The SIrP mechanism creates trade-offs between bacterial transmission and virulence, according to the study, and the bacteria modify their host’s eating behavior to their advantage. The study describes it as one example of how convoluted adaptive strategies can complicate finding out why a physiological response occurs. The paper examines the use of anorexia from the perspective of the pathogens, rather from the host. While reduced eating proved harmful to the individual host, it prevented the disease from spreading to other individuals.
Many people suffering from illness lose their appetites, resulting in them using up their own fat and muscle stores in a process called wasting. The researchers recommend investigating whether the mechanism found in the study could be used to increase appetite in the chronically ill, or possibly in physiologically treating anorexia nervosa patients. Eating may also be useful in aiding recovery from other types of bacterial infections.
Salmonella is a gram-negative bacteria that causes a form of food poisoning called salmonellosis. It results in approximately 1.2 million cases of infection and 450 deaths each year in the United States, with 95 percent of cases being foodborne. Symptoms usually last four to seven days and include diarrhea, fever and cramps. Although infections typically resolve on their own, some people may suffer from bowel disturbances for several months or develop reactive arthritis. Infections with Salmonella may become invasive and spread to the bloodstream, bones or other organs. Invasive infections only occur in a small portion of all cases of Salmonella infection and is fatal in rare cases. Certain populations, such as children, the elderly and those with compromised immune systems, are more prone to serious infections. In serious cases, physicians will prescribe antibiotics to fight off infection, but treatment can be complicated by antibiotic-resistant microbes. According to the Center for Disease Control, 5 percent of Salmonella species are resistant to multiple antibiotics.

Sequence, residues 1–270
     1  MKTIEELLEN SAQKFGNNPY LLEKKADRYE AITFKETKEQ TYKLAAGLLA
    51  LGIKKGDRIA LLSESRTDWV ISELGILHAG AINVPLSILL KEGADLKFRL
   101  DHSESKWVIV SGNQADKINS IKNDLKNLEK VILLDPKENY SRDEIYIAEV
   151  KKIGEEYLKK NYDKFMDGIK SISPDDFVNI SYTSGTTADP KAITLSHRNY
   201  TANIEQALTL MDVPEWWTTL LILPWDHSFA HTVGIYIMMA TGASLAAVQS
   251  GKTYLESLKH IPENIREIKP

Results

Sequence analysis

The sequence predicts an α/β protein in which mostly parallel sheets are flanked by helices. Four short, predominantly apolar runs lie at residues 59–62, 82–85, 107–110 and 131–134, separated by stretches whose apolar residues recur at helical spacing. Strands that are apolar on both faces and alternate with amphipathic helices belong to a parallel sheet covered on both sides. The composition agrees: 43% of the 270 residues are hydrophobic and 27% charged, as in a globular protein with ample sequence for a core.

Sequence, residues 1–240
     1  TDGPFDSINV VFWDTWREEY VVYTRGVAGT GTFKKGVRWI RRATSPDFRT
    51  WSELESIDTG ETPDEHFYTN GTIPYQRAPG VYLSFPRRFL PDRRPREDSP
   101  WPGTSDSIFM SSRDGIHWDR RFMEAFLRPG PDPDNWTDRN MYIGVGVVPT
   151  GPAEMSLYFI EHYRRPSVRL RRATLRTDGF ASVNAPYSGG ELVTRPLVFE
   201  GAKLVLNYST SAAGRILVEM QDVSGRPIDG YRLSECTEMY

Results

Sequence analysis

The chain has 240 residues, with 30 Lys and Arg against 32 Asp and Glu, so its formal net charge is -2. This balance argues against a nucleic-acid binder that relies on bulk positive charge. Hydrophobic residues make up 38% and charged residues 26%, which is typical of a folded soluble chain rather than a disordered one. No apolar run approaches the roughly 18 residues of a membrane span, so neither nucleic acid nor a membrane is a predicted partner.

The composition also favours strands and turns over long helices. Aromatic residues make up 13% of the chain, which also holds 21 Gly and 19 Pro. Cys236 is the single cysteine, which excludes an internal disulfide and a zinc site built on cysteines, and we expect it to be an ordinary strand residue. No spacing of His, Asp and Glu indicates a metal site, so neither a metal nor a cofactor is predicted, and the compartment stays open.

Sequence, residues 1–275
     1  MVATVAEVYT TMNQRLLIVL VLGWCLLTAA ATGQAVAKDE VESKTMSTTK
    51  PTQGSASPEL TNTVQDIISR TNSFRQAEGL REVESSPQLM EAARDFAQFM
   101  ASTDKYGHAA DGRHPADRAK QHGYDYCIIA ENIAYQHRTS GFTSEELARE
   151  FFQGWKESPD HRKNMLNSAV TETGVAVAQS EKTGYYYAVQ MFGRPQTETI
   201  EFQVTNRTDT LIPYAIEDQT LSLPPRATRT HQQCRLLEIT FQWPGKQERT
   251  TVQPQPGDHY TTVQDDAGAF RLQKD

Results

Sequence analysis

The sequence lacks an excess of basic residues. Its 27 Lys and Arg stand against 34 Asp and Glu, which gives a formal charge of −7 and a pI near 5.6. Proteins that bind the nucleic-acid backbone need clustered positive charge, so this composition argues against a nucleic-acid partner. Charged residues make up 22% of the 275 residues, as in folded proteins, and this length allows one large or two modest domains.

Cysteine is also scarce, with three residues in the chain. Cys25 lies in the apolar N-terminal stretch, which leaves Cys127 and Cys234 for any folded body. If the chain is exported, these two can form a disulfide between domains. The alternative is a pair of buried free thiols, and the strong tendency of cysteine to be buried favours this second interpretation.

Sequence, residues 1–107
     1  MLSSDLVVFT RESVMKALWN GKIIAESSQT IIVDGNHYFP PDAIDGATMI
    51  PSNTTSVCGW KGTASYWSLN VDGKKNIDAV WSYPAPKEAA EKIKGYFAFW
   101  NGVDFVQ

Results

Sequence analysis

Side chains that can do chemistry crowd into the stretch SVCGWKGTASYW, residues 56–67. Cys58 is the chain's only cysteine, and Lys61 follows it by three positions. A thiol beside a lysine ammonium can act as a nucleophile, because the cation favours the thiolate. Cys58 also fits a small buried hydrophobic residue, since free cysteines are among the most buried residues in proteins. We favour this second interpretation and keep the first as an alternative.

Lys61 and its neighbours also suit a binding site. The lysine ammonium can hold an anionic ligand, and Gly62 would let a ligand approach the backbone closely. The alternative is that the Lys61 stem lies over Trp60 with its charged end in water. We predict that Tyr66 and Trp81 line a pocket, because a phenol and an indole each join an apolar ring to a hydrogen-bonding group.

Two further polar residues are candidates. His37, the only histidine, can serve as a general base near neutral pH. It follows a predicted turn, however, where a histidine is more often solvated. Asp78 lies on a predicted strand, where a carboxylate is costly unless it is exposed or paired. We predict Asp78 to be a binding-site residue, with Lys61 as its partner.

No vaccine for Salmonella-related food poisoning exists, but you can take steps to avoid being infected by the bacteria. Infection is usually due to consuming food that contains feces from infected people or animals, but can also be caused by not washing your hands after touching contaminated animals. Animal products, such as beef, poultry, fish and eggs, should be cooked thoroughly to their “safe” internal temperature; using a food thermometer may be helpful. Produce should be washed and raw milk, which has not undergone pasteurization, should not be consumed. Perishable foods should be refrigerated within two hours of preparing or opening, and they should be thawed and stored properly. During food preparation, care should be taken to ensure that cross-contamination does not occur between uncooked meat and other products. Food surfaces should be washed thoroughly after preparing animal products and between uses. During grocery shopping or when storing food in the refrigerator, animal products should be separated from all other food products to prevent cross-contamination. Hands should be washed with soap and water for at least 20 seconds after contact with animal products. Handwashing is also important after touching reptiles and other animals, which often carry Salmonella. For more information on Salmonella and foodborne disease, call 1-800-CDC-INFO.